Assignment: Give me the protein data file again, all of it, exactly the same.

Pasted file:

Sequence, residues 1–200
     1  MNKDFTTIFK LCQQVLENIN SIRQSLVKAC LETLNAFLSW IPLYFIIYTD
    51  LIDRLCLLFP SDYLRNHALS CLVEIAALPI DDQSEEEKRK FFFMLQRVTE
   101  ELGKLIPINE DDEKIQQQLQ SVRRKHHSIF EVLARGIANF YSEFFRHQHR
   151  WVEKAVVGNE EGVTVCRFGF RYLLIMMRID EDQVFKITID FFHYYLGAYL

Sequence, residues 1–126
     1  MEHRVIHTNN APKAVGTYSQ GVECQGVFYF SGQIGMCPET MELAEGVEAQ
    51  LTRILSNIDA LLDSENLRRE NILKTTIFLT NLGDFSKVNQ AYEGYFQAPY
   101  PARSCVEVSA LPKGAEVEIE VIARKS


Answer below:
Sequence, residues 1–200
     1  MNKDFTTIFK LCQQVLENIN SIRQSLVKAC LETLNAFLSW IPLYFIIYTD
    51  LIDRLCLLFP SDYLRNHALS CLVEIAALPI DDQSEEEKRK FFFMLQRVTE
   101  ELGKLIPINE DDEKIQQQLQ SVRRKHHSIF EVLARGIANF YSEFFRHQHR
   151  WVEKAVVGNE EGVTVCRFGF RYLLIMMRID EDQVFKITID FFHYYLGAYL

Sequence, residues 1–126
     1  MEHRVIHTNN APKAVGTYSQ GVECQGVFYF SGQIGMCPET MELAEGVEAQ
    51  LTRILSNIDA LLDSENLRRE NILKTTIFLT NLGDFSKVNQ AYEGYFQAPY
   101  PARSCVEVSA LPKGAEVEIE VIARKS